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Scientists Discover Earth’s Largest Exposed Fault in Indonesia

Nov 30, 2016 05:19 AM EST
Research Shows San Andreas Fault May Be Overdue For Large Earthquake
Geologists have discovered the largest exposed fault in eastern Indonesia. The discovery will help researchers predict future tsunamis and earthquakes in the region.
(Photo : David McNew/Getty Images)

Geologists from the Australian National University (ANU) and Royal Holloway University of London have discovered the largest-ever exposed fault in eastern Indonesia.

The fault, which is called Banda Detachment in eastern Indonesia, is believed to have caused the formation of a 7-kilometer-deep abyss underneath the Banda Sea.

According to lead researcher Dr. Jonathan Pownall from ANU, the discovery will help researchers assess the risks of future tsunamis in the region, which is located along the Pacific Ring of Fire - an area around the Pacific Ocean basin where about 90 percent of the world's earthquakes and 75 percent of all volcanic eruptions occur, Science Alert reports.

Pownall said he was on a boat going to eastern Indonesia in July when he noticed the prominent landforms consistent with surface extensions of the fault line.

"I was stunned to see the hypothesized fault plane, this time not on a computer screen, but poking above the waves," Pownall said in a statement. "This demonstrates the extreme amount of extension that must have taken place as the oceanic crust was thinned, in some places to zero."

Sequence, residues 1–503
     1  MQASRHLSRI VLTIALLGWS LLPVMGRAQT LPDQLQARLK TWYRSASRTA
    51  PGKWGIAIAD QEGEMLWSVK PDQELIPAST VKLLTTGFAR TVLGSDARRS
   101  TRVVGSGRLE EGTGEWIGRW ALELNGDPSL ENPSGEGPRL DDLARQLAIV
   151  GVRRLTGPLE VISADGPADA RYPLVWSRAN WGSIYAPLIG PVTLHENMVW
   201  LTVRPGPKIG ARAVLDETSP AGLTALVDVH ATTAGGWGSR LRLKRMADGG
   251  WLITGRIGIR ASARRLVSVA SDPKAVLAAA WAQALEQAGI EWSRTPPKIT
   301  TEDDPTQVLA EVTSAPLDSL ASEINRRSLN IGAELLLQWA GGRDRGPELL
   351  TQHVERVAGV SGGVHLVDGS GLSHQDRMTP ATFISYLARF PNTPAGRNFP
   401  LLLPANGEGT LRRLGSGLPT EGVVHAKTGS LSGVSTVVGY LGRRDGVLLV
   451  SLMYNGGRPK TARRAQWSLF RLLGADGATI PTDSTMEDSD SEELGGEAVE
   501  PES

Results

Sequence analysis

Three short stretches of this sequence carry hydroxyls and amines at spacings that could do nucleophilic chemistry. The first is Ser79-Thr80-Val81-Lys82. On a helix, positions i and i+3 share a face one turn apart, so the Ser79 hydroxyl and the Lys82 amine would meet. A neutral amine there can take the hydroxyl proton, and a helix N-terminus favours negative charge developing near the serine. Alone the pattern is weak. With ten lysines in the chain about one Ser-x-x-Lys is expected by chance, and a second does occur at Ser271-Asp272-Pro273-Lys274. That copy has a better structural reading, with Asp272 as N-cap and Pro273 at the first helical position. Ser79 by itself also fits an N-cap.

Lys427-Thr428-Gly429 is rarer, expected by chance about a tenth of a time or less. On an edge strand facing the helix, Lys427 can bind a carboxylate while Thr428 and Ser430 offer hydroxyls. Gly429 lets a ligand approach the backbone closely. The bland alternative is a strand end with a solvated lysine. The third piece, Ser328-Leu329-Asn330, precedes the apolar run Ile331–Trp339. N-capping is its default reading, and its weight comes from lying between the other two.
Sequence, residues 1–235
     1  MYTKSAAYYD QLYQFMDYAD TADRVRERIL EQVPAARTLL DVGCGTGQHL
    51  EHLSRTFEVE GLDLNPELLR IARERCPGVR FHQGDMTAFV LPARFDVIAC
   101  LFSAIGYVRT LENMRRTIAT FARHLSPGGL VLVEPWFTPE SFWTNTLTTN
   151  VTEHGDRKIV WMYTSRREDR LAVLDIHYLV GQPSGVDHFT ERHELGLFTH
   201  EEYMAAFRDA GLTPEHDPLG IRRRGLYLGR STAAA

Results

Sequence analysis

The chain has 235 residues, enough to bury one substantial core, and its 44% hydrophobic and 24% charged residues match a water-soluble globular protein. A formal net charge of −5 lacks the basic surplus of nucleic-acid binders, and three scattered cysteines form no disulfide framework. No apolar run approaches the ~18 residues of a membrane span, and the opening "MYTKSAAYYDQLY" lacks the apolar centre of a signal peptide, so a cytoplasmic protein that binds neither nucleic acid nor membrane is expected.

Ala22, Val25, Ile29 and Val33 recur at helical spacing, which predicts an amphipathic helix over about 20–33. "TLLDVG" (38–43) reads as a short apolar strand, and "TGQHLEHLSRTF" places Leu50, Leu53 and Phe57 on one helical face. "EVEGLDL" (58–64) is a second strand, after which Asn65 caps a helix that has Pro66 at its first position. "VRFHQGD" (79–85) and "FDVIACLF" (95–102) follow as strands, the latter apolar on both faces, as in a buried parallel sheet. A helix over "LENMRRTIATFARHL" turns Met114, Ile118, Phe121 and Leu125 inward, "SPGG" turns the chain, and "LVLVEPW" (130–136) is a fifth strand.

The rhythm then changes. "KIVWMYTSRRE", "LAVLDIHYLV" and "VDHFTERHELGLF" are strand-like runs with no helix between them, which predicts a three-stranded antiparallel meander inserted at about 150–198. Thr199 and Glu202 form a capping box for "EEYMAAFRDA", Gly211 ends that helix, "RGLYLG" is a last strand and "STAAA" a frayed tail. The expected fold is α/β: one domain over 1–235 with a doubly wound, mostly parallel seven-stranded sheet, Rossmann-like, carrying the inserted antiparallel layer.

After analyzing high-resolution maps of the Banda Sea floor, the researchers found that the rocks flooring the seas are cut by hundreds of straight parallel scars. According to the scientists, the scars suggest that a piece of giant crust might have been ripped apart by 120 km of extension along a low-angle crack (detachment fault) to form the ocean-floor depression seen today. Pownall said that the Banda Detachment represents a rip in the ocean floor exposed over 60,000 square kilometers.

"The discovery will help explain how one of the Earth's deepest sea areas became so deep," he said.

According to Gordon Lister from ANU Research School of Earth Sciences, this was the first time the fault has been seen and documented.

"We had made a good argument for the existence of this fault we named the Banda Detachment based on the bathymetry data and on knowledge of the regional geology," Lister said in the same statement.

The study was published in the journal Geology.

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